Teen Wrestler Discusses Narcolepsy Diagnosis

For as long as he can remember, Max Murray has loved one thing: wrestling. But growing up, Max experienced a bunch of symptoms which sometimes made wrestling difficult. He felt overly fatigued and dizzy. In the middle of a match, his body would suddenly feel weak, making it difficult to continue. According to a recently published article at WNEP, Max and his family visited numerous doctors, receiving different diagnoses – including leukemia – and treatment options. But it wasn’t until 2021 that Dr. Anne Marie Morse finally gave Max an accurate diagnosis: narcolepsy. 

Now, 17-year-old Max is learning how to best manage his narcolepsy so he can get back to the sport he loves. As discussed in the article, this rising Pennsylvania high school senior has had to make some life changes. For example, he must be more careful about his diet – so as not to cause any trouble with his meds – and must stick to a stricter sleep schedule.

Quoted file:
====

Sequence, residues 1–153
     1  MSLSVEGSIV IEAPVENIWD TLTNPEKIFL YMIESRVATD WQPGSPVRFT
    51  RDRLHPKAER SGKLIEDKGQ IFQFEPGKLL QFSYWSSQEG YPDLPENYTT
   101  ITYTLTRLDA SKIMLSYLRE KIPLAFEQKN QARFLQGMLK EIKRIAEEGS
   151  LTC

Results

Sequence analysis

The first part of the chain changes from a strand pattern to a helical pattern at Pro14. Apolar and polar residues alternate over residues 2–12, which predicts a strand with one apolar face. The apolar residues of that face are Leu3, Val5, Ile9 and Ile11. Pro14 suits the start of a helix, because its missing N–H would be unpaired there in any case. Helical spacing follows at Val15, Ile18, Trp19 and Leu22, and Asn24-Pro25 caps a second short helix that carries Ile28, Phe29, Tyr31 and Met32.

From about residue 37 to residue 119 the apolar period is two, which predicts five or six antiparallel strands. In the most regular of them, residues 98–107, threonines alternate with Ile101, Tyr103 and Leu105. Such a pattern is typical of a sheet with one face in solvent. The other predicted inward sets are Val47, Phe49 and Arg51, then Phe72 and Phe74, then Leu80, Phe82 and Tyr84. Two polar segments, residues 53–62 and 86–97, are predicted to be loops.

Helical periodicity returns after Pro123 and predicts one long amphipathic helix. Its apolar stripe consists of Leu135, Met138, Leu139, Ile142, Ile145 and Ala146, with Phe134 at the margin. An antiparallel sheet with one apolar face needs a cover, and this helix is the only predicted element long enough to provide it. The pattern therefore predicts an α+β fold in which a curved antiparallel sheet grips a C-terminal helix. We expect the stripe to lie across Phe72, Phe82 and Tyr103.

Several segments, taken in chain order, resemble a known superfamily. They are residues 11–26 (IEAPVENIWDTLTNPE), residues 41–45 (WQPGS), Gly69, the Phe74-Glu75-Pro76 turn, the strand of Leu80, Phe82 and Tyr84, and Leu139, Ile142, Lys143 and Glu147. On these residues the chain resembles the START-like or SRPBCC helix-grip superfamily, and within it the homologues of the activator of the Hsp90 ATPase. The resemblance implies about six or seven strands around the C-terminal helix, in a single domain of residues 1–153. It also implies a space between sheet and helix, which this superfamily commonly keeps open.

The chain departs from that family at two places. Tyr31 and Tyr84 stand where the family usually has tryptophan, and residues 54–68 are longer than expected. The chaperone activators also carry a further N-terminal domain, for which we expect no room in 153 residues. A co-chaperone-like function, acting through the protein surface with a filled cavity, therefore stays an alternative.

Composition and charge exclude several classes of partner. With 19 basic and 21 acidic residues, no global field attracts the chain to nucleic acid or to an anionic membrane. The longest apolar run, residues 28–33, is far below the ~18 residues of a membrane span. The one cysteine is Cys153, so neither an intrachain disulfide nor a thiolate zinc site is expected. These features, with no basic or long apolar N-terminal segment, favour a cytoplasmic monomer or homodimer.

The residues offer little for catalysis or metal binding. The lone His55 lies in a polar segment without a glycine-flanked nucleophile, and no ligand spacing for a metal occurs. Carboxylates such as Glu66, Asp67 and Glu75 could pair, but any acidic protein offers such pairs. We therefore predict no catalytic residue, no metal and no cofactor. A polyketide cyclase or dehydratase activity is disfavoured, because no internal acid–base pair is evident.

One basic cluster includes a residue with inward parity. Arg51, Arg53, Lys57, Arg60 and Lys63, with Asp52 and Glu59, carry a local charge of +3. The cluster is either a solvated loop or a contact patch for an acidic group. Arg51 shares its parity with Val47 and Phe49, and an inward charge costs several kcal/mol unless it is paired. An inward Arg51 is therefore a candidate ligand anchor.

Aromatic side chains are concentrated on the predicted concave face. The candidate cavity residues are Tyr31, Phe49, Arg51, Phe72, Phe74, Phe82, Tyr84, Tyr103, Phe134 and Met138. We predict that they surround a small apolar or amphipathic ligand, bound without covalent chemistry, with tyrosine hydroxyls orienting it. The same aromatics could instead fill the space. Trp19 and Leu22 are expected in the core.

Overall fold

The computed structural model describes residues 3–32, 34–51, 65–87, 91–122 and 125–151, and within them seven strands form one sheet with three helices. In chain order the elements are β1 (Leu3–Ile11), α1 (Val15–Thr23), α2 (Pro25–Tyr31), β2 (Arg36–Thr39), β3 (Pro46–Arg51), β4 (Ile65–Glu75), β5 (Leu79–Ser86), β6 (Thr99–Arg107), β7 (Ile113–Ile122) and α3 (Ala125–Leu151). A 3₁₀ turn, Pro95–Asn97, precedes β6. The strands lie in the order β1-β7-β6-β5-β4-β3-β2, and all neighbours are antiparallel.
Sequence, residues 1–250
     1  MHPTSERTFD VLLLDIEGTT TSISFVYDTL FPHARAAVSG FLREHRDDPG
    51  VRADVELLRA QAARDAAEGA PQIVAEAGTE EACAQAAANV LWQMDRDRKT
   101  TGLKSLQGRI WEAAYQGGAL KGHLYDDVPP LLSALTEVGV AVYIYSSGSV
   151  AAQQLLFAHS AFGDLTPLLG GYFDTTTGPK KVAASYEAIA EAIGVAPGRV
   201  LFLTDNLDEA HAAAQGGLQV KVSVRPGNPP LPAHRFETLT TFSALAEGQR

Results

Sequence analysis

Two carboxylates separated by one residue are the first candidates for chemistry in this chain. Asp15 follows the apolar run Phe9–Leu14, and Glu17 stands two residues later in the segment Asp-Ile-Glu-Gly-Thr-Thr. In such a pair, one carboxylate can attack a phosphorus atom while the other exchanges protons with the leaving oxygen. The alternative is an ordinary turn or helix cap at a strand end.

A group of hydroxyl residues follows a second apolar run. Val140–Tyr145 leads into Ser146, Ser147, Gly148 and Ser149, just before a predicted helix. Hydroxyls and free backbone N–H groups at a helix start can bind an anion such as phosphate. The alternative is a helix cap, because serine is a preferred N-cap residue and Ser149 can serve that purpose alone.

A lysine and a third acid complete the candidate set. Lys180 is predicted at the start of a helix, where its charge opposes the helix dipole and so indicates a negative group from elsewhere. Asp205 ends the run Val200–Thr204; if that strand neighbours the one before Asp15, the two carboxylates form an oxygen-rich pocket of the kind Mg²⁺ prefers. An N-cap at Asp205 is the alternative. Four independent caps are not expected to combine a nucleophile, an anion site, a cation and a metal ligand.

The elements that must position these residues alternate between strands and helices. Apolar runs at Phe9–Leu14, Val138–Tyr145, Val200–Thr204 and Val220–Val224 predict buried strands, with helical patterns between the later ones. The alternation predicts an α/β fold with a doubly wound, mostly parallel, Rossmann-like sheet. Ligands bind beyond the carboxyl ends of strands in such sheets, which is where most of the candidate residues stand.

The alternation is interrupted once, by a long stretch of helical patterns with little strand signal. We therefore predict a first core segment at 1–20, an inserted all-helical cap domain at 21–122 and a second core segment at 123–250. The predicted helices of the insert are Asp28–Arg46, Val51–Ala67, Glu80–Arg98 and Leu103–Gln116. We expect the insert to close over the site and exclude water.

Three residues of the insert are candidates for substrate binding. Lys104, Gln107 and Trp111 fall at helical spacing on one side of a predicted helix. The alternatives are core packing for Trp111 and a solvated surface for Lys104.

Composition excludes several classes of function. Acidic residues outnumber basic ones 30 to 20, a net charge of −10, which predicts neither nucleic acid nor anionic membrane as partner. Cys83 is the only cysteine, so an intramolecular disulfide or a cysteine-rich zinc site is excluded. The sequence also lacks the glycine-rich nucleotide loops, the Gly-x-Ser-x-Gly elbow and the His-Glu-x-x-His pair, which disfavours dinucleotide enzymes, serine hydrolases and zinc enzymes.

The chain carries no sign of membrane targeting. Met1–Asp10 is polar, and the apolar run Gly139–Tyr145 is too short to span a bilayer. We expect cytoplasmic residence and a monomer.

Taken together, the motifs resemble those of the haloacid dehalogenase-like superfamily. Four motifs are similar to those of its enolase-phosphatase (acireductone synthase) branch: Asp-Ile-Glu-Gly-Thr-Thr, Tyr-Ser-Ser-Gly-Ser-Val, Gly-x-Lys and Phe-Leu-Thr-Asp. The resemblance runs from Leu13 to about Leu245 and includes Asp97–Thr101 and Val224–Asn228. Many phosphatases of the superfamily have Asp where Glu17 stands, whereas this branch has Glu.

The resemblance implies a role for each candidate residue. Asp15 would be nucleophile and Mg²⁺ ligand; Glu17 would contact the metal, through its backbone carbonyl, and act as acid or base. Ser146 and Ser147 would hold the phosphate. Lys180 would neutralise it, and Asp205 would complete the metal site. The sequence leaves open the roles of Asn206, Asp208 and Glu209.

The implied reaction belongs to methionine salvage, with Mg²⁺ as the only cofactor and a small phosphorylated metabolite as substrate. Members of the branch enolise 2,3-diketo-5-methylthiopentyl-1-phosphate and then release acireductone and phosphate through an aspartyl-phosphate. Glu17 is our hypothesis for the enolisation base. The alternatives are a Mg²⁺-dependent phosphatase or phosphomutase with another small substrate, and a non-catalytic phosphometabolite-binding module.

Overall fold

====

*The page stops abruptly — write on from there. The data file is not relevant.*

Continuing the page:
At the same time, Max is excited to finally have a diagnosis and to be able to work towards change within his own life. He hopes not only to learn more about managing his condition, but to raise awareness on a greater scale. 

Read more about Max and see an interview with him over at WNEP.

About Narcolepsy

Narcolepsy is a chronic neurological and sleep disorder characterized by excessive daytime sleepiness (EDS) and sleep-wake cycle disruptions. Scientists have found that people with narcolepsy do not have enough hypocretin, a type of neurotransmitter which plays a role in the sleep-wake cycle. This causes EDS and can cause “sleep attacks,” where people may fall asleep for a few seconds or a few minutes. Other potential factors which could play a role in narcolepsy development include autoimmune disorders, a family history of narcolepsy, infections, environmental toxins, or brain injuries. In many cases, this condition may go undiagnosed or misdiagnosed for years.

When symptoms appear, these can (but do not always) include:

  • Cataplexy (sudden and uncontrollable muscle weakness or paralysis, often triggered by a strong emotion) 
  • Excessive daytime sleepiness
  • Sleep paralysis
  • Hallucinations
  • Changes in REM sleep
  • Automatic behaviors (continuing to perform normal behaviors while sleeping)
Jessica Lynn

Jessica Lynn

Jessica Lynn has an educational background in writing and marketing. She firmly believes in the power of writing in amplifying voices, and looks forward to doing so for the rare disease community.

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